Science‑led event connects Black and African Nova Scotian high school students with the Dal community

- April 12, 2024

Auburn Drive High students show off buttons given out at the Dalhousie Science Society booth. (Nick Pearce photos)
Auburn Drive High students show off buttons given out at the Dalhousie Science Society booth. (Nick Pearce photos)

Dalhousie’s Faculty of Science hosted its first-ever dedicated engagement event designed to establish connections between prospective Black and African Nova Scotian students and members of the Dal community.

More than 100 participants attended the day-long event on Tuesday (March 26) in the McInnes Room of the Student Union Building where they had a chance to meet current students, alumni, and faculty.

“Today is intended to give you a taste of what Dalhousie University can offer,” said Faculty of Science Dean Dr. Chuck Macdonald in opening remarks. “And hopefully you’ll have some fun along the way.”

After arriving via the Dal bus, attendees explored booths staffed by representatives from Faculty of Science programs and groups, including Imhotep’s Legacy Academy, the PLANS Global Health Office, and the Inclusive Pathways to Medical Professions initiative. After lunch, students heard from an alumni career panel, engaged in a round of science trivia, and broke into groups to tour the Aquatron, SURGE, and chemistry and biology labs. The day concluded with a short visit to the Black Student Advising Centre.

Attendees chat with students from the Dalhousie Science Scholars and Leaders Program.

Auburn Drive High students Ikenna Chinye, Sydney Stonehouse and Adina Mokoena were among the more than 50 prospective students from five local high schools in attendance.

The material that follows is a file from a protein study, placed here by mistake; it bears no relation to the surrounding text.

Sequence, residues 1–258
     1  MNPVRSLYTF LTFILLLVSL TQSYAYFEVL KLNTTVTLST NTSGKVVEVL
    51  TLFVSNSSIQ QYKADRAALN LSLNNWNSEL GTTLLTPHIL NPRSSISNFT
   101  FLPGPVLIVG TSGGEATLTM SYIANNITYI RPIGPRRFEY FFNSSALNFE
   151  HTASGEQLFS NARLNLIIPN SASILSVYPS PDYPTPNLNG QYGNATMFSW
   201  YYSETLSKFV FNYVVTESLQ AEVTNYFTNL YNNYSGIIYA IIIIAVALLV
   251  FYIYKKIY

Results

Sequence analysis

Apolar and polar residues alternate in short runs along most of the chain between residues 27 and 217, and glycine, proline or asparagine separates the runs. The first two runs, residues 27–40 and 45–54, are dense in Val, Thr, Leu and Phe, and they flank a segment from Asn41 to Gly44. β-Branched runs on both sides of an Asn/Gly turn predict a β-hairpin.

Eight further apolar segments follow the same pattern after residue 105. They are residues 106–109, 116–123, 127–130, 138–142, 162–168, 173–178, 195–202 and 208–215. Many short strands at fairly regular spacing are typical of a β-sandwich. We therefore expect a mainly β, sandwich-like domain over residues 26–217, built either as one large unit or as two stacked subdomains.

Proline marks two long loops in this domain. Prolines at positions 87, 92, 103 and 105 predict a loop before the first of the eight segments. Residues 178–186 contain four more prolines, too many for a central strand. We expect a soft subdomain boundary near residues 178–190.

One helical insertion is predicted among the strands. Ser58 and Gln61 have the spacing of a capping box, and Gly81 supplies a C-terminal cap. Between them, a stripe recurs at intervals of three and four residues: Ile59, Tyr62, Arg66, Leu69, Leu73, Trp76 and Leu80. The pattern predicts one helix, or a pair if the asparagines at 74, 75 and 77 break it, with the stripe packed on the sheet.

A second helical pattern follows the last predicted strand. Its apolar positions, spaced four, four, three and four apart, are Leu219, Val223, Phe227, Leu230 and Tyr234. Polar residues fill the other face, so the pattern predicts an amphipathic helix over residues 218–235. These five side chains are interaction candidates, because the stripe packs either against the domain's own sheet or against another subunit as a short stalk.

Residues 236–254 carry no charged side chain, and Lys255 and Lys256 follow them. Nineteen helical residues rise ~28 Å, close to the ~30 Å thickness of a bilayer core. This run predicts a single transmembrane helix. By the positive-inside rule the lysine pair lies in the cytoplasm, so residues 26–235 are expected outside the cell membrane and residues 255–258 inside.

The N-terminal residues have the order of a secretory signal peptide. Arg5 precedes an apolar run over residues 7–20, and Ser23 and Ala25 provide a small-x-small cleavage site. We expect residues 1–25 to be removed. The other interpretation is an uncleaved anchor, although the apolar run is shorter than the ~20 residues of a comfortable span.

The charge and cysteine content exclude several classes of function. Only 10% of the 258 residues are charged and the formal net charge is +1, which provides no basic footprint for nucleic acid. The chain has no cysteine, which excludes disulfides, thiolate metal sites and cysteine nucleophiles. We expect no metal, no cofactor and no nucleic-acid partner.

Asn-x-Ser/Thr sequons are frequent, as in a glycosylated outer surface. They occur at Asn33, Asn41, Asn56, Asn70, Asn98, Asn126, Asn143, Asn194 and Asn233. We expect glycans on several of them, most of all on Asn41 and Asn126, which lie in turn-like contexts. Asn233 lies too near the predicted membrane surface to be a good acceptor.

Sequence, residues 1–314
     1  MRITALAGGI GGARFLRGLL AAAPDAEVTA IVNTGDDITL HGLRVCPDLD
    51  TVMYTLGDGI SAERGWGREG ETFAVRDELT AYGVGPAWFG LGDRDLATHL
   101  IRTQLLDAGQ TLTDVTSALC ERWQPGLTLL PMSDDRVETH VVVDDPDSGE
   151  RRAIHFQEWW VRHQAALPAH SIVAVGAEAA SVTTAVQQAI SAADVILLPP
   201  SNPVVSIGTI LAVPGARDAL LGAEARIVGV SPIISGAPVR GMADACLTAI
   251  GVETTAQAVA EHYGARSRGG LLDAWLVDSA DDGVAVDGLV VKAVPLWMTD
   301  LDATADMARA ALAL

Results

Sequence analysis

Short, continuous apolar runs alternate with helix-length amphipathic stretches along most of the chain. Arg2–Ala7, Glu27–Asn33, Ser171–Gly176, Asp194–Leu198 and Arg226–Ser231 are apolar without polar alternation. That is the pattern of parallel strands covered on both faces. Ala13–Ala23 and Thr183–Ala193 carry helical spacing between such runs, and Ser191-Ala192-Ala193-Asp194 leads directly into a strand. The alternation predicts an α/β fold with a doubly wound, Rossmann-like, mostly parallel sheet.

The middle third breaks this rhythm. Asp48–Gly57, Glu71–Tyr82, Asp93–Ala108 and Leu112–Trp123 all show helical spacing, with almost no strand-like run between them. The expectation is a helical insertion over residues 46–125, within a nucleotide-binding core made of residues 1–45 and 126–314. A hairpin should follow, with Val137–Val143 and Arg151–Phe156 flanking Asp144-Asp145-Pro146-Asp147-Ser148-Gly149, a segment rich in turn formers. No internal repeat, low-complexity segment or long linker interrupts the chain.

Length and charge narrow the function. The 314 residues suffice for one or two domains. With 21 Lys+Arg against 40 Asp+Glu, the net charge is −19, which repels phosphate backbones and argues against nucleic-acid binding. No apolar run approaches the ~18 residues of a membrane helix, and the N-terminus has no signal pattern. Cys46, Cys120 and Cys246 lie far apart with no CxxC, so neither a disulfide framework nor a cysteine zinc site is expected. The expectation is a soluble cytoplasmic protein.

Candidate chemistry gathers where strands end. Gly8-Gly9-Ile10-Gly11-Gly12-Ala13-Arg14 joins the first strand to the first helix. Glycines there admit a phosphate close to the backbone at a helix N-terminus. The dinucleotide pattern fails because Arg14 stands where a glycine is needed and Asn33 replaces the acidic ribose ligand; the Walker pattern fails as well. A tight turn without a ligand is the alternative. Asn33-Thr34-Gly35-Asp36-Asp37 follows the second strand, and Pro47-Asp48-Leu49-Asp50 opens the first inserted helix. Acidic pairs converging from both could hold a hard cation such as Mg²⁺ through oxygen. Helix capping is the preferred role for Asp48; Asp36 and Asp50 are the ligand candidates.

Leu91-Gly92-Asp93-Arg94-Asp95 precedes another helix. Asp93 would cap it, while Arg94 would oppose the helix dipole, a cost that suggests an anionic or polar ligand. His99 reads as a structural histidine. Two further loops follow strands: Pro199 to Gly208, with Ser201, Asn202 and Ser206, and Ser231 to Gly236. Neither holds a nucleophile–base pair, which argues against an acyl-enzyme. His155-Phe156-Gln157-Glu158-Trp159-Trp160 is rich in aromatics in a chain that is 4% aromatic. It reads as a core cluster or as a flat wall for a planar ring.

Ikenna has his mind set on coming to Dal to study pharmaceutical science (“I’m planning on getting a scholarship, but even if I don’t, I’m guaranteed to come here,” he said), while Sydney is undecided on which university to attend but plans to study mechanical engineering.

“As a young Black woman, I am interested in learning about illnesses affecting the Black community,” Adina said. “It was great to participate in this engaging event and to see Black representation in science at a major university.”

All three students were encouraged to attend by Karen Hudson (BA’88, BED’91, MES’02), the principal of Auburn Drive High and the creator of the school’s Africentric Math Cohort.

“As a Dal alum, it was exciting to see so many Black students participate in the Faculty of Science Engagement Event at Dalhousie University,” Hudson said afterward. “These opportunities are valid for providing awareness of possible careers for students of African ancestry to network and discuss programs. It offered excellent and vital exposure for our students.”

Building community

Dr. Sophia Stone, a professor in the Department of Biology and the Faculty of Science’s associate dean, graduate studies and global relations, encouraged students to make connections with faculty members and alumni.

Dr. Sophia Stone.